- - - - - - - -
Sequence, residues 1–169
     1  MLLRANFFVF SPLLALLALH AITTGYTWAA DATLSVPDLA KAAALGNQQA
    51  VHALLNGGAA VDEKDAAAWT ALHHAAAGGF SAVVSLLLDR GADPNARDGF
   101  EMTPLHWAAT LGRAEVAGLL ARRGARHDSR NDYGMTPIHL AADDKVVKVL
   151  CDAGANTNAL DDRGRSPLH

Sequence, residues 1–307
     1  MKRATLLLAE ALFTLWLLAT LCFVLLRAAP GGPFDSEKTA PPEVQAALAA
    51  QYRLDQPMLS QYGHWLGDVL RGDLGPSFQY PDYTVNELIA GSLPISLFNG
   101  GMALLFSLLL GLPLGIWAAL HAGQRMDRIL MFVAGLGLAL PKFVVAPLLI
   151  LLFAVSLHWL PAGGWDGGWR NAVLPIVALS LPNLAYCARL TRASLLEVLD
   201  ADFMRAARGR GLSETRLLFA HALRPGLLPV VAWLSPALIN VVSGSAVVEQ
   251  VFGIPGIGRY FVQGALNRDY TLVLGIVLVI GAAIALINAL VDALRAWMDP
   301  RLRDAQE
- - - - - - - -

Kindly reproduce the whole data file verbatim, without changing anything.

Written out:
Sequence, residues 1–169
     1  MLLRANFFVF SPLLALLALH AITTGYTWAA DATLSVPDLA KAAALGNQQA
    51  VHALLNGGAA VDEKDAAAWT ALHHAAAGGF SAVVSLLLDR GADPNARDGF
   101  EMTPLHWAAT LGRAEVAGLL ARRGARHDSR NDYGMTPIHL AADDKVVKVL
   151  CDAGANTNAL DDRGRSPLH

Sequence, residues 1–307
     1  MKRATLLLAE ALFTLWLLAT LCFVLLRAAP GGPFDSEKTA PPEVQAALAA
    51  QYRLDQPMLS QYGHWLGDVL RGDLGPSFQY PDYTVNELIA GSLPISLFNG
   101  GMALLFSLLL GLPLGIWAAL HAGQRMDRIL MFVAGLGLAL PKFVVAPLLI
   151  LLFAVSLHWL PAGGWDGGWR NAVLPIVALS LPNLAYCARL TRASLLEVLD
   201  ADFMRAARGR GLSETRLLFA HALRPGLLPV VAWLSPALIN VVSGSAVVEQ
   251  VFGIPGIGRY FVQGALNRDY TLVLGIVLVI GAAIALINAL VDALRAWMDP
   301  RLRDAQE